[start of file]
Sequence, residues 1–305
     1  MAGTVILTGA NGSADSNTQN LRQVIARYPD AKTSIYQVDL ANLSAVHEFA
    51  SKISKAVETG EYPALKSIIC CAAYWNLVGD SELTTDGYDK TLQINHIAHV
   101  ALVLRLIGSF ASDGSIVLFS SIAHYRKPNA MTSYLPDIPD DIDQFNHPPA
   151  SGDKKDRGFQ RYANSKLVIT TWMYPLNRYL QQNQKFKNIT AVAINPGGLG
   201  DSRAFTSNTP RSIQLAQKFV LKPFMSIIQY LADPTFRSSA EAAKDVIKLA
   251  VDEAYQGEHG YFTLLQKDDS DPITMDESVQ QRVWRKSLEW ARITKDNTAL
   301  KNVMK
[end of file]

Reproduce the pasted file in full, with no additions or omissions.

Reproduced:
Sequence, residues 1–305
     1  MAGTVILTGA NGSADSNTQN LRQVIARYPD AKTSIYQVDL ANLSAVHEFA
    51  SKISKAVETG EYPALKSIIC CAAYWNLVGD SELTTDGYDK TLQINHIAHV
   101  ALVLRLIGSF ASDGSIVLFS SIAHYRKPNA MTSYLPDIPD DIDQFNHPPA
   151  SGDKKDRGFQ RYANSKLVIT TWMYPLNRYL QQNQKFKNIT AVAINPGGLG
   201  DSRAFTSNTP RSIQLAQKFV LKPFMSIIQY LADPTFRSSA EAAKDVIKLA
   251  VDEAYQGEHG YFTLLQKDDS DPITMDESVQ QRVWRKSLEW ARITKDNTAL
   301  KNVMK